A town known for its wealthy and famous residents has tapped the brakes on a housing development some longtime home owners worried would ruin one of the area’s few designated public green spaces.
The Westlake town council last week rejected a plan to build 56 houses in the Solana office development, a plan opposed by more than 100 neighbors.
Although the property in question is privately-owned by the New York-based Blackstone hedge fund, it is listed as public green space on the town’s master plan.
The master plan is based on the historical use of the land since the Solana corporate campus project was created for IBM in the 1980s.
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Westlake is home to only about 1,230 people, but more than a few of them are household names, including Dallas Cowboys tight end Jason Witten, radio personality Glenn Beck and BNSF Railway executive chairman Matthew Rose.
But Westlake is surrounded by neighboring communities — including far north Fort Worth, Keller, Roanoke, Haslet and Northlake — that are growing so quickly the region is scrambling to build roads, schools and other infrastructure fast enough to accommodate the masses.
In particular, Westlake residents worried that a 60-foot-tall hill would be mostly leveled to make room for the new houses. The hill provides a “noise barrier and a viewshed” from traffic on nearby Texas 114, said area resident Neal McNabnay, who led the fight against Blackstone’s plan.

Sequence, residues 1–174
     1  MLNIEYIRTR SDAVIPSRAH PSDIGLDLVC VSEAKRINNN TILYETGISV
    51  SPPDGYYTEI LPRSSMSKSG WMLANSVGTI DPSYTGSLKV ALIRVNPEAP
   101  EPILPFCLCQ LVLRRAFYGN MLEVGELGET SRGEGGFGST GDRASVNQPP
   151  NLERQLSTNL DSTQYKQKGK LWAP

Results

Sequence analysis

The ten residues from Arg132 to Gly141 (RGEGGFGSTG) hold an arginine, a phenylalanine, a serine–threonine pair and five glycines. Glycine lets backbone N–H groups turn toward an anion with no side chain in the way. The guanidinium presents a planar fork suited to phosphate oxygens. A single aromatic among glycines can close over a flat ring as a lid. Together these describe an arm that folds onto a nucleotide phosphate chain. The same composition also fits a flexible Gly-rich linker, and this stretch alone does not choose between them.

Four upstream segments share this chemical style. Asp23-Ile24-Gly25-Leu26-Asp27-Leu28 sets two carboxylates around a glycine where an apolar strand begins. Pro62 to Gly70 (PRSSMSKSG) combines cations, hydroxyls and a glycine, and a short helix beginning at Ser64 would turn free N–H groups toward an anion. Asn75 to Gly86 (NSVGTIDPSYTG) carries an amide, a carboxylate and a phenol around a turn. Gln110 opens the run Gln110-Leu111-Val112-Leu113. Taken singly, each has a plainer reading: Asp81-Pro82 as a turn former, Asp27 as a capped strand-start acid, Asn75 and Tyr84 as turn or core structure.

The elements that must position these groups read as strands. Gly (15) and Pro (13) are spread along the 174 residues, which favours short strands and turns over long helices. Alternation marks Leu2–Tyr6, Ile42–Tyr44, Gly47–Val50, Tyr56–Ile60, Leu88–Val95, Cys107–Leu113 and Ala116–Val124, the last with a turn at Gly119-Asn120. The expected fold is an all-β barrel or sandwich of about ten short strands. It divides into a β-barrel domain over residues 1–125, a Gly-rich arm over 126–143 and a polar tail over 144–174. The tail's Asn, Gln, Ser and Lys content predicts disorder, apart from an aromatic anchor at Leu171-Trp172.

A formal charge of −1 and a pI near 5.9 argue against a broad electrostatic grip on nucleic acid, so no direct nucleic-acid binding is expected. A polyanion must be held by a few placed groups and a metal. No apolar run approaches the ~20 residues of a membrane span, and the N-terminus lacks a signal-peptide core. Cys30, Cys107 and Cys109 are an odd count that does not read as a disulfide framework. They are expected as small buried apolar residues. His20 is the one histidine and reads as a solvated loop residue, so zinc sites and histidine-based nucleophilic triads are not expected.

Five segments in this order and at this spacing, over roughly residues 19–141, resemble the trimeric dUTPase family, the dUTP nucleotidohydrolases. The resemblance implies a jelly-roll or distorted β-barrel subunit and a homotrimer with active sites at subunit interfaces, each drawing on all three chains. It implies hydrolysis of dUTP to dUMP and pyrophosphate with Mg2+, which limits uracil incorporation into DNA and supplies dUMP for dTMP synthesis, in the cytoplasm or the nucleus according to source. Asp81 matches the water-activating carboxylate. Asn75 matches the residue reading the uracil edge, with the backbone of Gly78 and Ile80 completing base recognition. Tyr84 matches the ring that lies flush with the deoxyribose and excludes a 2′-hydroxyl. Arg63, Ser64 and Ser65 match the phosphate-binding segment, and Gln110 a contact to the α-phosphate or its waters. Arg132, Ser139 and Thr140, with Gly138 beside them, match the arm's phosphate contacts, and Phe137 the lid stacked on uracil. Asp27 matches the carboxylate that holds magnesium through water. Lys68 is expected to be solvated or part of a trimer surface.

The vote to reject the housing proposal was 3-1, with one Westlake Town Council member absent.
It’s unknown what Blackstone and its housing builder, Wilbow, will do with the 62 acres of hilly, tree-speckled land.
The green area runs along Solana Boulevard, just east of Davis Boulevard, and is adjacent to dozens of homes valued in the $1.5 million-plus range in the Glenwyk Farms and Granada neighborhoods.
In 2014, Blackstone bought Solana out of bankruptcy and embarked upon a multimillion-dollar makeover of the office buildings on the property, including painting over the postmodern bright colors of the buildings with earthier tones.
While this particular project is on hold, Westlake is growing aggressively.
A $100 million Charles Schwab complex is scheduled to open in 2019 at the corner of Texas 114 and Texas 170 on Westlake’s western edge. It will bring up to 2,600 jobs and the surrounding development will include a 200-room hotel and about 275 residences, including some multifamily housing.
Fidelity Investments also operates a massive regional campus, with 4,500 employees in Westlake, and Deloitte, which performs accounting and other professional services, has a large corporate training center.
Other than corporate offices, Westlake is mostly known for some of the region’s most upscale housing, including the luxurious Vaquero gated community and golf club. It’s home to pro golfers and celebrities, having attracted names like the Jonas Brothers pop singing family and former pro baseball slugger Josh Hamilton over the years.
Ron Ruthven, Westlake’s planning director, said the projected rejected by the council was one of the first projects to encounter significant neighborhood opposition.
This report includes information from the Star-Telegram archives.